Our sister site, NebulaAwards.com has an essay by Larry Nolan on “International SF” and Problems of Identity
Archive for the ‘SFWA Blog’ Category
Tweetbookz will turn your tweets–those 140-character electronic messages about what you had for breakfast this morning or maybe something more interesting or important, but either way, quickly written and just as quickly forgotten–into Real Paper Books. That’s right. Your evanescent 140-character pearls of prose (or not) can be enshrined for the ages in softcover or hardcover.
Last week, RWA, MWA, and SFWA all issued official statements condemning Harlequin Enterprises’ new self-publishing division, Harlequin Horizons. Now Novelists Inc. has weighed in, with a position statement on vanity publishing and the risks that arise when brand name publishers add vanity publishing divisions.
A good article about the difference between self-publishing & vanity imprints. Plus, Paolo Bacigalupi’s novel Windup Girl was just named in Library Journal’s Best Books of 2009!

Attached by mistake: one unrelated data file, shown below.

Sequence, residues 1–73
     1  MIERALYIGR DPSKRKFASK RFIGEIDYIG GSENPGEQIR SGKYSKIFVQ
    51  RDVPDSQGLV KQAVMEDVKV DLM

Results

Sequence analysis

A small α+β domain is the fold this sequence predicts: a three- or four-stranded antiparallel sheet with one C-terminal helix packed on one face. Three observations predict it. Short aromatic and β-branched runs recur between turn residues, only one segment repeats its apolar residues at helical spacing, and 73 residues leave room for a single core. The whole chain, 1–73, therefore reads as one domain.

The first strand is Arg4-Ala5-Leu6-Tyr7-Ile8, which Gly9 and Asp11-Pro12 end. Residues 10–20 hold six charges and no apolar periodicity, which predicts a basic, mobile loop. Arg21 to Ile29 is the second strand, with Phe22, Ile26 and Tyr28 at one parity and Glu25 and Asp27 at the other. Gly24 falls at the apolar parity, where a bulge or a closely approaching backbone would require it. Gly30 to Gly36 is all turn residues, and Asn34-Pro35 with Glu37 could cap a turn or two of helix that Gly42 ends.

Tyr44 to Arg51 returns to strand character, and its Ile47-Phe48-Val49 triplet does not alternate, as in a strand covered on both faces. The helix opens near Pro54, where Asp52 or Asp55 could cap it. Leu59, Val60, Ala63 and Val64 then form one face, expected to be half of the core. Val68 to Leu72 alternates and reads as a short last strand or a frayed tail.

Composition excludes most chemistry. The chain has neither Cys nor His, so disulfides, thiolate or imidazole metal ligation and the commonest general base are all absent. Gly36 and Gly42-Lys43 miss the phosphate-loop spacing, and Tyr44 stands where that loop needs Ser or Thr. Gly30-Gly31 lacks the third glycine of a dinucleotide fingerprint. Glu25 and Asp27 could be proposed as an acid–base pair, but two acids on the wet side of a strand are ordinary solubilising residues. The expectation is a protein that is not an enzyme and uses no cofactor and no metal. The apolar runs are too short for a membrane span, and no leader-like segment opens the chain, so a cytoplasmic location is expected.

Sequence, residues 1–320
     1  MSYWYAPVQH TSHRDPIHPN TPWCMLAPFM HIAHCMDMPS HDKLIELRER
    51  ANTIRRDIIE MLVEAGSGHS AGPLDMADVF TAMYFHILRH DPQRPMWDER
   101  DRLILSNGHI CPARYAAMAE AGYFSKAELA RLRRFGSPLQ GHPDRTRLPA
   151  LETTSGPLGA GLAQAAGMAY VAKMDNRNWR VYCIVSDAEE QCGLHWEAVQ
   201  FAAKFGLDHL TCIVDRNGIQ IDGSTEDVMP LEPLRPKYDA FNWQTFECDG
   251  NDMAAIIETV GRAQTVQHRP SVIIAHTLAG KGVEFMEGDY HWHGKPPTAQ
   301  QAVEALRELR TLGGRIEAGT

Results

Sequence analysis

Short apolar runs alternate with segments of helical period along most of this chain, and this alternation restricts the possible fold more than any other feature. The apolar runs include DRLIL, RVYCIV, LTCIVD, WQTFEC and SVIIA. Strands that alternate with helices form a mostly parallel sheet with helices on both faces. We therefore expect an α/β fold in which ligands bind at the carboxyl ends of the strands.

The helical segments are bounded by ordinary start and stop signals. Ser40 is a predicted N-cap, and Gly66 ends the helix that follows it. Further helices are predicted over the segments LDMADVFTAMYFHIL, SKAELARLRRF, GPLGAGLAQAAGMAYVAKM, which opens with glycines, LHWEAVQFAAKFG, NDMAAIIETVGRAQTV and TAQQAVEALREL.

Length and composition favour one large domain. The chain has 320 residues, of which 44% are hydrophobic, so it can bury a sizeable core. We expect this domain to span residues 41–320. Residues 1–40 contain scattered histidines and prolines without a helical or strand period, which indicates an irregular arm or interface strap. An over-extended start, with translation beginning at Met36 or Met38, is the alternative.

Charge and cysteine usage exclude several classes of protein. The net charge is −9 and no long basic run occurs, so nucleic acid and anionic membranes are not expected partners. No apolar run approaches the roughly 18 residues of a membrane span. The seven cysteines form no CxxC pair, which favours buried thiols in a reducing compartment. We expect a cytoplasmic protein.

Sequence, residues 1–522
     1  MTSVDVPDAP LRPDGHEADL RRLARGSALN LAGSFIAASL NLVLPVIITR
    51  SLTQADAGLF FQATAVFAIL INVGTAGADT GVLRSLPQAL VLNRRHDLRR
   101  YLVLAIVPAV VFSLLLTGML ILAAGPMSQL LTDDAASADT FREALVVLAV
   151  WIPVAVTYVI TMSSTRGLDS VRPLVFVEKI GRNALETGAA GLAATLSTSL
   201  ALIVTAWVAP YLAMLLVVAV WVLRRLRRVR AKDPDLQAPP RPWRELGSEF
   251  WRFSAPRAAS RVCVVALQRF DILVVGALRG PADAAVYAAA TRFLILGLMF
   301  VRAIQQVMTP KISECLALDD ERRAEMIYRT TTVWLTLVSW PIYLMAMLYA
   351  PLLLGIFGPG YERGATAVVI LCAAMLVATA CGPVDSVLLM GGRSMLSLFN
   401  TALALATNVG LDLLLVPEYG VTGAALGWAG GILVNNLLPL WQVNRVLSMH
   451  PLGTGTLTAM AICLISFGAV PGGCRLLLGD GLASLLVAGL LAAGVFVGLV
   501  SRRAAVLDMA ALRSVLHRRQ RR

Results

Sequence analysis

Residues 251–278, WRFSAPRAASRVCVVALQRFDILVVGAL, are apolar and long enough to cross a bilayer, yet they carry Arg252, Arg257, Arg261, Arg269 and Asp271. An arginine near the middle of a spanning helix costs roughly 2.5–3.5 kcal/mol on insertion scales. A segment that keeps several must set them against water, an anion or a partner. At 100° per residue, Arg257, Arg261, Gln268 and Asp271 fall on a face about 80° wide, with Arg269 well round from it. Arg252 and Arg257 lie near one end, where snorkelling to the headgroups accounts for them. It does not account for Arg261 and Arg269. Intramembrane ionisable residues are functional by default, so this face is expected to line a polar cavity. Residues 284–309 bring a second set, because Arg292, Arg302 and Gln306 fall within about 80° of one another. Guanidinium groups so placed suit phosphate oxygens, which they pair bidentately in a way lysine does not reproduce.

As part of her continuing series on How Linguistics Can Help You, Juliette Wad discusses that ubiquitous genre activity making up words.
Welcome to new members Terence Taylor, Sarah Rees Brennan, Katherine Allred, Kristen Painter, Tim Stretton and Heather McDougla, plus interesting links about vanity and self-publishing from around the web.
U.S. District Judge Denny Chin has granted preliminary approval to the revised Google Book Settlement, which was filed on Friday. He has set the date for the fairness hearing on February 18th, 2010.
Until such time as Harlequin changes course, and returns to a model of legitimately working with authors instead of charging authors for publishing services, SFWA has no choice but to be absolutely clear that NO titles from ANY Harlequin imprint will be counted as qualifying for membership in SFWA.
Today, Mystery Writers of America (a sponsor of Writer Beware, along with the Science Fiction and Fantasy Writers of America) issued this announcement to its members:
Writer Beware’s Victoria Strauss analyzes Harlequin Horizons and the trouble it presents for authors.